Crime Library: Criminal Minds and Methods

The Frank Sinatra, Jr. Kidnapping

Stuck in Time

For more than 40 years now, Frank Sinatra, Jr. has lived with snickering insinuations about his role in the kidnapping. The defense strategy failed in court, but it continues to thrive in the court of public opinion.

Many people know nothing about the kidnapping — except that Sinatra, Jr. supposedly planned it himself.

The fallacy has framed the poor man's life.

At age 63, Sinatra, Jr. still plugs along as a performer, singing his father's songs at nostalgic casino shows. Among musicians, Sinatra Jr. is known as reserved, competent and a bit quirky.

He is an able performer, but he still lacks the stage presence of his famous father. Sinatra, Jr. is single. He was married — briefly — in 1998, and he has a college-age son, Mike, from an earlier relationship.

He gave a blunt assessment of his career in a 2006 interview with the Washington Post.

"I was never a success," Sinatra, Jr. said. "Never had a hit movie or hit TV show or hit record."

Perhaps that is because he has steadfastly insisted on making a type of music that hasn't been popular for 50 years.

In 1957, as rock 'n' roll was transforming popular music, Sinatra, Sr. was quoted as saying, "Rock 'n' Roll is phony and false, and sung, written and played for the most part by cretinous goons."

One of those cretinous goons turned out to be his daughter, Nancy.

She scored pop hits in the 1960s with "These Boots Are Made for Walkin'," "Sugar Town," "How Does That Grab You, Darlin'" and "Something Stupid," the latter a duet with her father.

But Sinatra, Jr. has always stubbornly resisted the sorts of tunes that sell in the contemporary market. His performances are like time travel, with one Big Band standard after another — tunes like "I'll Never Smile Again," "Night and Day" and "I've Got the World on a String."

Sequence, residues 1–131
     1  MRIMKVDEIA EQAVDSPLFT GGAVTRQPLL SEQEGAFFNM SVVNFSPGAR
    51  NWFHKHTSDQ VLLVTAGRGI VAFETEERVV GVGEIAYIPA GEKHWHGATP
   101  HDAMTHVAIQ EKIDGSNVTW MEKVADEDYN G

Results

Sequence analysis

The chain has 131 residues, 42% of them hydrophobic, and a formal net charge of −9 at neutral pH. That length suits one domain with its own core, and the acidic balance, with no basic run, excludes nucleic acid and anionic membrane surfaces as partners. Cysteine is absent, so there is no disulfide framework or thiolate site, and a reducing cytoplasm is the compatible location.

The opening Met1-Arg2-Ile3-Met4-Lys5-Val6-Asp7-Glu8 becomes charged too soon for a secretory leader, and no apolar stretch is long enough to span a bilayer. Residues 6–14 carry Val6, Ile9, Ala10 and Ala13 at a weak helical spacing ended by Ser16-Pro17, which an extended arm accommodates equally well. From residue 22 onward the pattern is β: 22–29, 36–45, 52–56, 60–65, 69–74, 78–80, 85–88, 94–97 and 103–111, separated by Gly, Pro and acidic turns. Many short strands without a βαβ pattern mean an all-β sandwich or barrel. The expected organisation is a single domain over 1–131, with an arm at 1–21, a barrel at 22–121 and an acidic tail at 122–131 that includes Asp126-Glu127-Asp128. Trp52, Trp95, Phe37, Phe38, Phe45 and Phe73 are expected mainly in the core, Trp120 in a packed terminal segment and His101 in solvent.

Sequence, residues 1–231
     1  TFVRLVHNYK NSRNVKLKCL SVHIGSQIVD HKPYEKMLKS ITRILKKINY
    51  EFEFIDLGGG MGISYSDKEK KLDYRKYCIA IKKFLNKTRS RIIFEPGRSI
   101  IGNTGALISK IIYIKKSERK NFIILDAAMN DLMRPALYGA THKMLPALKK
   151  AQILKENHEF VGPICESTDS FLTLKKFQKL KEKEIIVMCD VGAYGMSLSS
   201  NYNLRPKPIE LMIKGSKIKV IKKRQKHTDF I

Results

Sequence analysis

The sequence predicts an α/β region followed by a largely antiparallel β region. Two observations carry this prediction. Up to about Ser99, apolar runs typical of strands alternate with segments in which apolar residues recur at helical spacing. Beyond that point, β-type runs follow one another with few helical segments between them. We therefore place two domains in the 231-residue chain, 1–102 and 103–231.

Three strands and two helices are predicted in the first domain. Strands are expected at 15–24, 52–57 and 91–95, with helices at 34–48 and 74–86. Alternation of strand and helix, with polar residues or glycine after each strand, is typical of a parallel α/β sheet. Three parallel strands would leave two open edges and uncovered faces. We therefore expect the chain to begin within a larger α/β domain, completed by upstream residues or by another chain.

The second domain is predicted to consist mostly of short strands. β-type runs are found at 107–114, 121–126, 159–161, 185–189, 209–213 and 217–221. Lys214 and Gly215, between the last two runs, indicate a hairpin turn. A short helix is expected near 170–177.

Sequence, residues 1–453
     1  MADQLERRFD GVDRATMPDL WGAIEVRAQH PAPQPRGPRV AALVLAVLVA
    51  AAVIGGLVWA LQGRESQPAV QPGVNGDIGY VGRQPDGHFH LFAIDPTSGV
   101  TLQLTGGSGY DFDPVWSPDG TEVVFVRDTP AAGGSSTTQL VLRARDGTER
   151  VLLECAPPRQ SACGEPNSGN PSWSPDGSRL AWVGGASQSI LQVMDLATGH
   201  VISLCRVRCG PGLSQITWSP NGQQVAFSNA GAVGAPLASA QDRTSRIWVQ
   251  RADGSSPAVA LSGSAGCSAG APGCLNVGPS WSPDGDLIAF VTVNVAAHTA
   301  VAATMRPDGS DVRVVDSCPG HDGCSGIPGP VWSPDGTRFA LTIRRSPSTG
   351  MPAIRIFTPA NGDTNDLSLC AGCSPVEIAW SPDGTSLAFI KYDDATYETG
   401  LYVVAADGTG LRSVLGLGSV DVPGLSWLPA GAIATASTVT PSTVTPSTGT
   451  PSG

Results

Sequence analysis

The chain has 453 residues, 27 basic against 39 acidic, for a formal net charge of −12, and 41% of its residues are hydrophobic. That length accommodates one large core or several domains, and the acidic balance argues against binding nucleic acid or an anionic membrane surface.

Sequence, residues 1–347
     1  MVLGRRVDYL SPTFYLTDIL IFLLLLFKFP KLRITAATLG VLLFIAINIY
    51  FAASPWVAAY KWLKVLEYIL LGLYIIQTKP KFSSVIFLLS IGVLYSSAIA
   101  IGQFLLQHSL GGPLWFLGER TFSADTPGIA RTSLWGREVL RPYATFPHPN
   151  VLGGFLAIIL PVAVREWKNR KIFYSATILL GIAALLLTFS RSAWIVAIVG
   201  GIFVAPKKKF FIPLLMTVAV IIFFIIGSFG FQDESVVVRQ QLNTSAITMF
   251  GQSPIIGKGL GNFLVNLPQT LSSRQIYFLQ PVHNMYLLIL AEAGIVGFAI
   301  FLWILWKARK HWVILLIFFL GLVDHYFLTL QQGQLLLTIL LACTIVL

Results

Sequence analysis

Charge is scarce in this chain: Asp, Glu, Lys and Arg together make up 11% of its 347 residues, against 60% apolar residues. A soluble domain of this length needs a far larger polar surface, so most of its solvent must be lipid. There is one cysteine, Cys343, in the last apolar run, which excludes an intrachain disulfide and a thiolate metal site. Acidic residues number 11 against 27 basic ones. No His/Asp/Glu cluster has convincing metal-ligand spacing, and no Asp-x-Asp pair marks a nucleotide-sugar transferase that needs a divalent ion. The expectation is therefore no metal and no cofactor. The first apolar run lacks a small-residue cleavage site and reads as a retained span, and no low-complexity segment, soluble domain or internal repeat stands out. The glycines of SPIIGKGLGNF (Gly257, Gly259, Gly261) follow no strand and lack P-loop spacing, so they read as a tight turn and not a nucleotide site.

He performs with a 38-piece orchestra — one of the few performers left who use so many live musicians rather than a synthesizer. (Even that is a downsized band. At shows in his latter years, Sinatra, Sr. always bemoaned the fact that he was the last entertainer to use a 68-piece orchestra.)

On many tunes, Sinatra, Jr.'s band plays the swinging arrangements written by Nelson Riddle for Sinatra, Sr. Junior conducted his father's orchestra during the last decade of Sinatra's, Sr.'s life, and he inherited his father's sheet music library.

Sinatra, Jr.'s show is expensive to mount, and that "sticker shock" can make gigs hard to come by, Sinatra told the Post.

"I just had visions of doing the best quality of music," he said. "Now there is a place for me because Frank Sinatra is dead. They want me to play the music. If it wasn't for that, I wouldn't be noticed... There is no demand for Frank Sinatra, Jr. records. There never has been. Rod Stewart is now doing the Great American Songbook. So is Harry Connick, Jr.... Well, Frank Sinatra, Jr. has been doing it for 44 years."

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